After becoming the first Indian female athlete to qualify for the Paralympics, Deepa Malik brought joy to many by winning the silver medal in women's shot put F-53 event. Saying that her disability had made her stronger, the 45-year old also credited her family as the motivation for her success.
The thought of being confined to a wheel chair for the rest of our lives can crush any normal person. But Deepa Malik was not one to remain stranded. Using her disability as an added motivation, she became the first female Indian athlete to win a medal at the Paralympics. Expressing her joy at winning the medal at Paralympics, Deepa said,
“I still cannot believe it. To become the first Indian woman to win a Paralympic medal is an honour and it is something I will cherish for the rest of my life. I hope my journey and the medal can serve as an inspiration for differently abled Indian women to break out from their social boundaries and pursue their dreams,” in an exclusive interview with The Times of India.
When asked how she manages to juggle multiple roles as a wife, mother, athlete, biker, motivational speaker, Deepa credited her success to the people around her.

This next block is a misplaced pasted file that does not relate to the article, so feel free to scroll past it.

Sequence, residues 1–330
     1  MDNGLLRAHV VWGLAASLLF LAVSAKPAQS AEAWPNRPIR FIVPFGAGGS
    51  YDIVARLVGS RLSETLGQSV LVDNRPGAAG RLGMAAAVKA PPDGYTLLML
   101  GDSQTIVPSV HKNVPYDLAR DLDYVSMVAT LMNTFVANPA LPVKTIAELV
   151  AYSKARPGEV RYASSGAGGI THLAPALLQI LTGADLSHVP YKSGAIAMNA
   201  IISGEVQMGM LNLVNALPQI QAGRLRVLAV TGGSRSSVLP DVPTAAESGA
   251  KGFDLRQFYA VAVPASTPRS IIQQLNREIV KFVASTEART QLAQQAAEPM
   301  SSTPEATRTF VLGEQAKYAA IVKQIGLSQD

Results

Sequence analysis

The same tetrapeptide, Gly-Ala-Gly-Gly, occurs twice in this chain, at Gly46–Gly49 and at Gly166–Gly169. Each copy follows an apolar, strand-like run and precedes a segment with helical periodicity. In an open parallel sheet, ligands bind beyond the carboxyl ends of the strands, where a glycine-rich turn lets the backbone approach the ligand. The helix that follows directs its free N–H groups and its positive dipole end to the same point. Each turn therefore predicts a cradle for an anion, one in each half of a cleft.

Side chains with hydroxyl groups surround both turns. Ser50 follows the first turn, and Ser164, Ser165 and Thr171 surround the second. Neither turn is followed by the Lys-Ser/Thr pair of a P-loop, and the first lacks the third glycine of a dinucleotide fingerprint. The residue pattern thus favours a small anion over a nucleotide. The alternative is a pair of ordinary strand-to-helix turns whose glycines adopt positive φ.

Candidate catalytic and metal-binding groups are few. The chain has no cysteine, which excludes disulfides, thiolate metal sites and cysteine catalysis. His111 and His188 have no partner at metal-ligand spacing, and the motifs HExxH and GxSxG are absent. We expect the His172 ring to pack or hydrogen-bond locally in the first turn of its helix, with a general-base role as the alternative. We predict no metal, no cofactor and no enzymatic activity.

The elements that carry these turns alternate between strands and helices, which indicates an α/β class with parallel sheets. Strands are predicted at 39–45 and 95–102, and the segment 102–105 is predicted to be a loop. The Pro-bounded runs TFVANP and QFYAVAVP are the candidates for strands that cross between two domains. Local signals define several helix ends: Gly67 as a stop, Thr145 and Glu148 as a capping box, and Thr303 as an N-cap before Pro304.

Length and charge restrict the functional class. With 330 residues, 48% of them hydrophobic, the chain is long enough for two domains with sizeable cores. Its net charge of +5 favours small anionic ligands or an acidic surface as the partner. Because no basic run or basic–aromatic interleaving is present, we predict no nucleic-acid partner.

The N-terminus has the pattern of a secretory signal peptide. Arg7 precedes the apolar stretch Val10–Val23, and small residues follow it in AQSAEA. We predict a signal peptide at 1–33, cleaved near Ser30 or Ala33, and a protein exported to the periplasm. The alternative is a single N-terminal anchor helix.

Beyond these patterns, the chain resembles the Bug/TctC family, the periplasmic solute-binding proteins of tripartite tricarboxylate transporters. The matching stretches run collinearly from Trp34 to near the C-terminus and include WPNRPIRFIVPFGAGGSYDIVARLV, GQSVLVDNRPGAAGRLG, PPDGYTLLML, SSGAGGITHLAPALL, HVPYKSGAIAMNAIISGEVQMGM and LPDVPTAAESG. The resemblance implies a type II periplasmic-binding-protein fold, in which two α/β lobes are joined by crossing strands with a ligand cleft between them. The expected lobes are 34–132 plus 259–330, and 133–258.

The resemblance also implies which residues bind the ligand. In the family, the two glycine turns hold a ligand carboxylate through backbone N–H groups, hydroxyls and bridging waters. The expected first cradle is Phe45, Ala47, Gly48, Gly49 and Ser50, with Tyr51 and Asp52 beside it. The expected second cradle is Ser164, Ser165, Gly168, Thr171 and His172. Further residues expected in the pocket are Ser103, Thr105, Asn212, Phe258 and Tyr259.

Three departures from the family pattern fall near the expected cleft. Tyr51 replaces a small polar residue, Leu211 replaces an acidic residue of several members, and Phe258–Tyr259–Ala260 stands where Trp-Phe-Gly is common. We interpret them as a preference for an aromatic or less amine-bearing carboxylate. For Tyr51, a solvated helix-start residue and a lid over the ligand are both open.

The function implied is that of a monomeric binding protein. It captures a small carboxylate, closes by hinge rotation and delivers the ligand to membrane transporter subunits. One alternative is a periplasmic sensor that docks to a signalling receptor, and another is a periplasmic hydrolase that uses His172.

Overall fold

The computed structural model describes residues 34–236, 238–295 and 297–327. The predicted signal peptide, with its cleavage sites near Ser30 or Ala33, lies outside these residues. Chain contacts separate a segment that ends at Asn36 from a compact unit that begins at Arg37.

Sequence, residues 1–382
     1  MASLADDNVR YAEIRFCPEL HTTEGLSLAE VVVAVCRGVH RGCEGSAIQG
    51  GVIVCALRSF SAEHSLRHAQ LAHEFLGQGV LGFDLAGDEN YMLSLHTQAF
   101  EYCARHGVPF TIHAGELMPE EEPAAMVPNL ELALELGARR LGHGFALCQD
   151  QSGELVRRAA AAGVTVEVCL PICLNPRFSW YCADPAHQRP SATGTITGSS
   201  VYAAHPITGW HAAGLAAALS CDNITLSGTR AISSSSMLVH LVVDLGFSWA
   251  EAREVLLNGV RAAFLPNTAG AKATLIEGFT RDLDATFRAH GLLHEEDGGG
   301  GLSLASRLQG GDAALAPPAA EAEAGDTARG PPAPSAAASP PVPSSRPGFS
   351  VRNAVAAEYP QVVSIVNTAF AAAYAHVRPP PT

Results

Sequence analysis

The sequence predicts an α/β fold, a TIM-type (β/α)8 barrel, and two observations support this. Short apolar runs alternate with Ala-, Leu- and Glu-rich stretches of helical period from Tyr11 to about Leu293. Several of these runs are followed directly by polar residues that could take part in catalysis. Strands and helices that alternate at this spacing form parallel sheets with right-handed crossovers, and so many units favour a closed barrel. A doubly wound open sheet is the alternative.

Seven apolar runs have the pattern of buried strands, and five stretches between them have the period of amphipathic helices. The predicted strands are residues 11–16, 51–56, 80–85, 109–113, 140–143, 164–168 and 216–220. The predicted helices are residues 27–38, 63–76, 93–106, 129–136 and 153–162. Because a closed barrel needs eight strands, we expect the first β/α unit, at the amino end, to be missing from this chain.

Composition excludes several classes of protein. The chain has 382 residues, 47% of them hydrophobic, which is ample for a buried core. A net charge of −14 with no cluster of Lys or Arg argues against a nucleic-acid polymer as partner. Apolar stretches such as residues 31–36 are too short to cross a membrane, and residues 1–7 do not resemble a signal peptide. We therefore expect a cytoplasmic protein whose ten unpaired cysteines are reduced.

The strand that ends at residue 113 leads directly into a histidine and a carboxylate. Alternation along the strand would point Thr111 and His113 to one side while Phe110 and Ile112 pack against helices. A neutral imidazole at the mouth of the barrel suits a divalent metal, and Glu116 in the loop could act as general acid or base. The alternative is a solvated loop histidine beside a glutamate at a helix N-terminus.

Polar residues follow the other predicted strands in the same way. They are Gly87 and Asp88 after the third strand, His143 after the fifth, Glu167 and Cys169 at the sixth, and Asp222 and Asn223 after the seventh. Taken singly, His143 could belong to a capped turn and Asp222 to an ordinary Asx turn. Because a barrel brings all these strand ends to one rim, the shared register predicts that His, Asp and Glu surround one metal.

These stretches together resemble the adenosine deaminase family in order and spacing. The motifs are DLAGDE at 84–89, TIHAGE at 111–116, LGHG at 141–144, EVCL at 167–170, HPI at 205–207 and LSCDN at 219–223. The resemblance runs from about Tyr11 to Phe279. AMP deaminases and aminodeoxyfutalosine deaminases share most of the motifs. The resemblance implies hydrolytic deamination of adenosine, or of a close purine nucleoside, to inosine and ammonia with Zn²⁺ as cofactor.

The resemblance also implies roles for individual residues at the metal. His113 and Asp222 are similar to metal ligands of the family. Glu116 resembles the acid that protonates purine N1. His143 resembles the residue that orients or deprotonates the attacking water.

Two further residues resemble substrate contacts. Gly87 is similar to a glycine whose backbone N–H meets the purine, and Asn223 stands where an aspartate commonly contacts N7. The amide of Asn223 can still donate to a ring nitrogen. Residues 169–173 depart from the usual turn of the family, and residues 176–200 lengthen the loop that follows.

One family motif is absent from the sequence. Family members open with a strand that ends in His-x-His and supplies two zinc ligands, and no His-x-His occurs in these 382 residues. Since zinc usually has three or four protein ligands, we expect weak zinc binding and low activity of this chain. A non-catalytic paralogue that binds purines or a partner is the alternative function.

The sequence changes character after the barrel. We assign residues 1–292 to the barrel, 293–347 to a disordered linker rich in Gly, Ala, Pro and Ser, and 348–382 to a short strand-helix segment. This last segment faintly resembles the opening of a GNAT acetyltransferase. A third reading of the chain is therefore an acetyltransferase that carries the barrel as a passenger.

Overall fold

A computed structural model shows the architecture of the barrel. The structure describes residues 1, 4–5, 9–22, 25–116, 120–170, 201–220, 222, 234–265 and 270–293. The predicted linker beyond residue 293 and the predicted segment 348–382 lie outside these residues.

“When people around you are supporting and cooperative, everything becomes easier. My family understands the challenges. I always try and work around my schedules. Being a biker has always been my passion. The athlete part is probably the most challenging, but the rewards (like the one in Rio) make it all worth it.”
After suffering a spinal tumor in 1999, which required three surgeries and left her paralyzed from the waist down, Deepa fought back all the odds to achieve her dreams. When asked whether disability had made her a stronger woman, the Arjuna Award recipient said, “Without doubt. You always gain strength from adversity and I think I did that as well. The tumour and the subsequent surgeries forced me to reconsider my life's goals and inspired me to venture on a new path of self-exploration and excellence.”
Despite criticism from all parts of the country that athletes do not receive proper support from the Indian Government, the 45-year old has revealed that the government has funded and supported her practice throughout.
“The government, through the Target Olympic Podium Scheme (TOPS), funded my preparations here in India. They have offered a lot of support this time. But the support needs to continue in a planned and sustained manner. The next major event is the World Championships in 2017. What needs to be done is to implement developmental programmes specifically for para sports, including investing in infrastructure to ensure that the support reaches a wider group of athletes,” Deepa told ToI.
Speaking about what she plans to do next, Deepa said, “Nothing much for now. I just cannot wait to get back to India to be with my family and friends and celebrate the success at the Paralympic Games.”
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